This write up by Amy Davidson at the New Yorker is getting passed around as a “savvy”, “smart”, and “unconventional” take on Anthony Weiner.She posits that Anthony Weiner is not a good measurer of risk.

Measuring risk is what politicians do for a living—from when they decide to run, to voting to hire policemen or teachers or to go to war. One doesn’t want them to be completely, or even mostly cautious: politicians who never say anything that causes anyone to cringe, and never take a political risk, are useless. (That kind of risk can become routinized, of course; Ron Paul would probably make people angry if he made a safe vote.) There has to be some idiocy in idealism, as well as self-delusion. But that brand of bet is as different from what Weiner did as the gambit of putting up a Facebook page calling on people to come to Tahrir Square is different from spending hours hunched over an online-poker site. Not all hungers are alike, and courage shouldn’t be confused with mindless greed, or self-sacrifice with self-immolation, particularly because other people can easily get burned. (Did Weiner, in putting his political future in the hands of a twenty-six-year-old in Texas whom he had never met, congratulate himself for being brave?)That is why it is, sad to say, a matter of legitimate interest that Weiner’s wife was pregnant when he sent those tweets. It widens our sense of just how careless he is with the lives of others, particularly those of people who are more vulnerable than he is. That is good to know about a politician; it is distinct from the question of whether someone who lies to his wife will lie to the public and, I’d argue, is more important.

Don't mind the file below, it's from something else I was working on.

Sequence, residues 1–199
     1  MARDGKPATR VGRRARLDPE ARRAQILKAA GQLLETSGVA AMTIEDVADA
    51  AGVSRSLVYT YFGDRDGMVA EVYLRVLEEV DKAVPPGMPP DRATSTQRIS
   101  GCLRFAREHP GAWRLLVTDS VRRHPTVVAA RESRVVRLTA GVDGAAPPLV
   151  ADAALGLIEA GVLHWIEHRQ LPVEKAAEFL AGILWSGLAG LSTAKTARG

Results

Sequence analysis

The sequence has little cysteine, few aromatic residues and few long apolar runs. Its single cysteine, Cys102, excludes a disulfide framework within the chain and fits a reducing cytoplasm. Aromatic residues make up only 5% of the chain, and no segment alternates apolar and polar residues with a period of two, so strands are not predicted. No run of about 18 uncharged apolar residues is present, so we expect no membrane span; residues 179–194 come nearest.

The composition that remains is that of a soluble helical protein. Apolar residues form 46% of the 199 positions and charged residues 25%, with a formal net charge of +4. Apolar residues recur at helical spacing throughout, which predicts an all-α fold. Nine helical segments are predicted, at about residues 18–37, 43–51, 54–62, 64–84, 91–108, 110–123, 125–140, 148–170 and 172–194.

That sounds smart, savvy, and certainly gives a new angle to the whole sordid mess. But dare I point out that Weiner’s measures of risk in his political career lined up perfectly with the progressive leftists Amy Davidson more likely than not agrees with?Look at his voting record. Look at the causes he publicly championed. If you think he measures risk poorly and those things he pursues in his office, other than women, line up so perfectly with the progressive left, if we expand this risk theory further, what does it say about the left?

The children who matter most to Weiner’s future may be the ones who are being born in other families, or who aren’t being born, at least not in this state.

Yeah, I’d agree with that, but i suspect Ms. Davidson would be perfectly pleased with the policies Mr. Weiner would have the most effect on in the name of the children.I think Anthony Weiner is a terrible judge of risk. But extrapolating that to his job only makes sense if we’re going to point out that his calculations of risk vs. reward on the job and in the causes he chooses lines up pretty perfectly with the left.


The Heritage of Jim DeMint

Josh Kimbrell